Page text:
Oftentimes, it's then simply too late in the shot clock to deliver a pass and look for a shot elsewhere. (A lot of this blame lies with the fact that the Knicks guards often spend four to five seconds just trying to enter the ball into the post, as we covered last week.)
The balance between finding his shot and looking to pass is one Melo himself is still working to master, but it's gotten tricky for Fisher as well.
Anthony is obviously the Knicks' best scorer, but he is also probably their most effective passer at this point—Jerian Grant can't get on the floor because teams don't respect his jump shot, and Jose Calderon can't draw multiple defenders toward his dribble because he's not a threat to drive.
It's tempting at times to throw Melo the ball and ask him to score every time. But Fisher said he knows that he has to find opportunities for Anthony to make plays for others—simply so the defense doesn't always concentrate on cutting off his shot.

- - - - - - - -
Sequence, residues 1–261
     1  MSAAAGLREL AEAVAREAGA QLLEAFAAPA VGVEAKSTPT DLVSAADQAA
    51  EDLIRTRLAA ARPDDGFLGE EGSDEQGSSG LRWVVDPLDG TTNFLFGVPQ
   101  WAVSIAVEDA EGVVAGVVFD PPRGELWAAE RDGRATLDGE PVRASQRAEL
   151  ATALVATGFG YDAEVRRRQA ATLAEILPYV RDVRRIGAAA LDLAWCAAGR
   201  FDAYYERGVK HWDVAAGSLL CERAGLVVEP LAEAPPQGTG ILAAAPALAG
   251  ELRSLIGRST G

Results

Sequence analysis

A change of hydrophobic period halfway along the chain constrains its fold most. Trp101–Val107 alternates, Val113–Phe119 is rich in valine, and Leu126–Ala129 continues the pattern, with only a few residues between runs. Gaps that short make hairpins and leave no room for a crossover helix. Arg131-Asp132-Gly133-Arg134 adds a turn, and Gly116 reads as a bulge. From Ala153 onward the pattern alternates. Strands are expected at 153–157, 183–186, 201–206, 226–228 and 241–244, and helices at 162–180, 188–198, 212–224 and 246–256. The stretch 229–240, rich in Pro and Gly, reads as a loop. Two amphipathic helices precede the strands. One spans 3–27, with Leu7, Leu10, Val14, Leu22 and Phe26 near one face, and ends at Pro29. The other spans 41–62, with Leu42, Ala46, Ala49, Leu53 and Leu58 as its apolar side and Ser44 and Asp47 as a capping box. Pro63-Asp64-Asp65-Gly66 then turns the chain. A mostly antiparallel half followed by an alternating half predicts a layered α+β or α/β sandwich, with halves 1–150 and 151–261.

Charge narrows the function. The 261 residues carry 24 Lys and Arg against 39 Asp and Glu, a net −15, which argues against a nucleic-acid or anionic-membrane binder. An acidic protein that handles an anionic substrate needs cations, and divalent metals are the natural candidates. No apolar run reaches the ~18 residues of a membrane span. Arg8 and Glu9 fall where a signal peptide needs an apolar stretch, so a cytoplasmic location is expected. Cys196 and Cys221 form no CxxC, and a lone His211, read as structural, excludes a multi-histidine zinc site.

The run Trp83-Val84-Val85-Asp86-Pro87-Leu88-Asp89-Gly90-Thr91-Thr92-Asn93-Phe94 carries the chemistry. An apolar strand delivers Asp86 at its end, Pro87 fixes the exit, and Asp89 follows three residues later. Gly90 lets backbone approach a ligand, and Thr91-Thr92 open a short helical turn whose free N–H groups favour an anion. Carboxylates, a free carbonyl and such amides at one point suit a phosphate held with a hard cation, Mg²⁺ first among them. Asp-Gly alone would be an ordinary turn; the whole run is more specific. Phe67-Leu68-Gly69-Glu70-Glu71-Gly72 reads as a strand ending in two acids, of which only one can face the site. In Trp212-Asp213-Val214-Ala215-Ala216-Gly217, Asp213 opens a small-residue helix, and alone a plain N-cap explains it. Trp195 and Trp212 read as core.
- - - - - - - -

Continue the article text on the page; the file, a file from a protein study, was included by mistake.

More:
"That's a tricky balance for us—how to best utilize him," Fisher said. "That's something we daily are trying to find a balance in: How much is too much and how much is not enough because he definitely makes plays for us."
Even if Anthony is not directly asked to make plays for others through a specific call, it's still on him to make the correct choice based on what the defense dictates. And he's not always done that.
While that's seemingly been because he hasn't had that many teammates he's trusted to actually make the shot or the "right play" upon receiving the ball, it shouldn't be excused.
Luckily for the Knicks, they seem to have finally found a player Anthony trusts implicitly: Kristaps Porzingis. Carmelo has passed the ball to Porzingis more often on a per-game basis than any non-point guard teammate he's had in the three years for which the NBA has SportVU data.